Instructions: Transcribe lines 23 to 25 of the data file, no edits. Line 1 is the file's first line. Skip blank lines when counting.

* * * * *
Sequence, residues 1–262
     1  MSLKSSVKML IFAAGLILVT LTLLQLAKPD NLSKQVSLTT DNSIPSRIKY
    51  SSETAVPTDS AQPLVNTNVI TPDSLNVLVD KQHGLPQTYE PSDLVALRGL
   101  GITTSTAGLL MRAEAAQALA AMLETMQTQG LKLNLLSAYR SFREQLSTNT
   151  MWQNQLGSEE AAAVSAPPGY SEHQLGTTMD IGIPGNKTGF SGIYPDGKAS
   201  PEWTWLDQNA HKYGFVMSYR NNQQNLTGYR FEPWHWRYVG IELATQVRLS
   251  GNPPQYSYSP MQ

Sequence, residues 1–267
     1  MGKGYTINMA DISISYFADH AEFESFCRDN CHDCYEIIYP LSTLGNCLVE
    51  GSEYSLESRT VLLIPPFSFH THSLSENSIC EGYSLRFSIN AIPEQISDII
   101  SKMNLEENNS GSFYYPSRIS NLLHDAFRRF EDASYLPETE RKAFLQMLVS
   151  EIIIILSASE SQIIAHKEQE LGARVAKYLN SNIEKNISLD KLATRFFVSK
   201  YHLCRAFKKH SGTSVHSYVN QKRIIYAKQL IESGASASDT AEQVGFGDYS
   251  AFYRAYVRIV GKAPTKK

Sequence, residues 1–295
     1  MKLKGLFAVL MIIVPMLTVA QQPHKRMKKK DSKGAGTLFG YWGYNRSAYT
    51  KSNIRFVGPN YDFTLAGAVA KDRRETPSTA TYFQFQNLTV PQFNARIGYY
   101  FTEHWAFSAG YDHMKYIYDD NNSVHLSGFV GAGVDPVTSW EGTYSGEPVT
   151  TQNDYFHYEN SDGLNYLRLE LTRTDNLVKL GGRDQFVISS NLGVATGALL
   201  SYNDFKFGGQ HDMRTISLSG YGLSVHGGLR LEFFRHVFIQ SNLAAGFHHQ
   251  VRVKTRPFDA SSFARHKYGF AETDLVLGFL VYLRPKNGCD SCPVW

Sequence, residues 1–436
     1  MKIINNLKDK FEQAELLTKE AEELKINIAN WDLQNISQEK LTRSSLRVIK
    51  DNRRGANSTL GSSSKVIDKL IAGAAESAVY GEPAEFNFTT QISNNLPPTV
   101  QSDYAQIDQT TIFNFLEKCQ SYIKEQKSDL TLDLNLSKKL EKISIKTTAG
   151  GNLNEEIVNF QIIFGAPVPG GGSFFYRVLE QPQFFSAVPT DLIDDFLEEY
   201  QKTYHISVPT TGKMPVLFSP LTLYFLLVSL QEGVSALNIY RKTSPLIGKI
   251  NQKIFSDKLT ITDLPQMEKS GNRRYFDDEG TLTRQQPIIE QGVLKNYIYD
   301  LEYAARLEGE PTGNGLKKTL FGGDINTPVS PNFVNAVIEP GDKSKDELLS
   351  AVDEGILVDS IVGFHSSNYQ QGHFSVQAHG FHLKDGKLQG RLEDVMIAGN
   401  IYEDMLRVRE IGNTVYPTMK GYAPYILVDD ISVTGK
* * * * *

     1  MKIINNLKDK FEQAELLTKE AEELKINIAN WDLQNISQEK LTRSSLRVIK
    51  DNRRGANSTL GSSSKVIDKL IAGAAESAVY GEPAEFNFTT QISNNLPPTV
   101  QSDYAQIDQT TIFNFLEKCQ SYIKEQKSDL TLDLNLSKKL EKISIKTTAG